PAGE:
The attached figure is generated based on Illumina reads from multiple individuals compared to genome assembly. Looks like there are a lot of kmers are reads only (grey colored). Also, a blue peak (2x kmers), does it represents high heterozygosity? GenomeScope gives 1.5% of heterozygosity result. But it seems the blue peak normally should be near the 70x on the x-axis. Thanks.
Assuming a diploid genome, usually, we aim to build a monoploid reference, representing a single haplotype.
Practically speaking, we need to include only one of the two k-mers that are representing heterozygous sites, however, we would desire all the homozygous k-mers to be included exactly once.
Looking at your plot, I would guess 1n coverage is somewhere around 18x, and 2n about 36x. If that's right, your plot is suggesting that your assembly contains lots of uncollapsed haplotypes, which is quite understandable given very high heterozygosity you estimated with genomescope. This is also supported by many homozygous k-mers are there twice (the blue bump). These are probably regions in between heterozygous sites, or flanking them.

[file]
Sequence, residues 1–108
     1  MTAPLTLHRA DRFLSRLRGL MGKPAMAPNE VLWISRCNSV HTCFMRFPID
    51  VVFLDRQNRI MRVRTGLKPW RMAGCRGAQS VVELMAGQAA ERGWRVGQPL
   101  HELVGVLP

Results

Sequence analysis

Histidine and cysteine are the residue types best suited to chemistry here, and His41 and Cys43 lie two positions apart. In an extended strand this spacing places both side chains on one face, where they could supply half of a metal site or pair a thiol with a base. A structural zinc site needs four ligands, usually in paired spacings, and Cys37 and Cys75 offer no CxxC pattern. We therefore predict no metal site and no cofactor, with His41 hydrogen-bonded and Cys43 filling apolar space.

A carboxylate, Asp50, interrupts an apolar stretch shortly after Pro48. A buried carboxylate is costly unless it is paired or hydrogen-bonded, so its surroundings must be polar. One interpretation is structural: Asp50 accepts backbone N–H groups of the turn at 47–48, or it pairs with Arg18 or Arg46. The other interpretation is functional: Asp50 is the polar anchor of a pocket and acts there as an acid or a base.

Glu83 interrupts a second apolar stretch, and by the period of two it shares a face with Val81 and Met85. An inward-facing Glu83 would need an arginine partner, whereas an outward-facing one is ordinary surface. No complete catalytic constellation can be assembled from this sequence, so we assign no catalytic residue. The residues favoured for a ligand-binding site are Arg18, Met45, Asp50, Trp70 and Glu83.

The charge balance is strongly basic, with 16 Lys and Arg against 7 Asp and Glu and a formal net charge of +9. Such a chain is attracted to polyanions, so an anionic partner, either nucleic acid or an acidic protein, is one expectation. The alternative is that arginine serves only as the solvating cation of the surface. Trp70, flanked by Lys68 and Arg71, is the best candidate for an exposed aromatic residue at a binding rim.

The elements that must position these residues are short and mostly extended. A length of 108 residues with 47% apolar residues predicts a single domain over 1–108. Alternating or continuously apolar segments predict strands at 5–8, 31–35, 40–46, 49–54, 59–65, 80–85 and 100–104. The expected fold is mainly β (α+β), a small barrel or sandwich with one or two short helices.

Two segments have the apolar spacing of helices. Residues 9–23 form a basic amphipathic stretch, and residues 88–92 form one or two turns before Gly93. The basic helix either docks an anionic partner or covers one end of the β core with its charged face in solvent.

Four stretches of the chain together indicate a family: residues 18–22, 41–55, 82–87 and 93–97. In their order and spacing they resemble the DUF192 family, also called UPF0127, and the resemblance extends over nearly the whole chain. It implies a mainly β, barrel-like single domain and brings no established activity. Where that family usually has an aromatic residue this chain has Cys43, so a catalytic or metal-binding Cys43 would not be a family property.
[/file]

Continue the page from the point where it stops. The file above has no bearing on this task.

Anyway, I would recommend something like purge haplotigs to collapse haplotypes into single monoploid reference and redo the plot. The blue bump should disappear and the black and red distributions should have about the same height around 18x, while nearly all the 36x k-mers should be red (once).
Also, if the interpretation of the plot still would not be clear, you can check this part of a lecture by Lucía Campos-Dominguez on the topic (it's a different software called KAT she talks about, but it is using the same principle as Mercury).
$\begingroup$ Hi Kamil, thank you for your informative reply. You are exactly right about the 1n = 18, although not sure how you get that so accurate ;-). I do have another Merqury kmer plot with a very low blue peak near the 4n location rather than the 2n location, while the red peak at the same 2n. And this happens for another species genome assembly. Is that normal? Because that makes the blue peak at 2n look weired. $\endgroup$ Dec 14, 2021 at 23:26
$\begingroup$ I will post another question. Thank you! $\endgroup$ Dec 15, 2021 at 4:26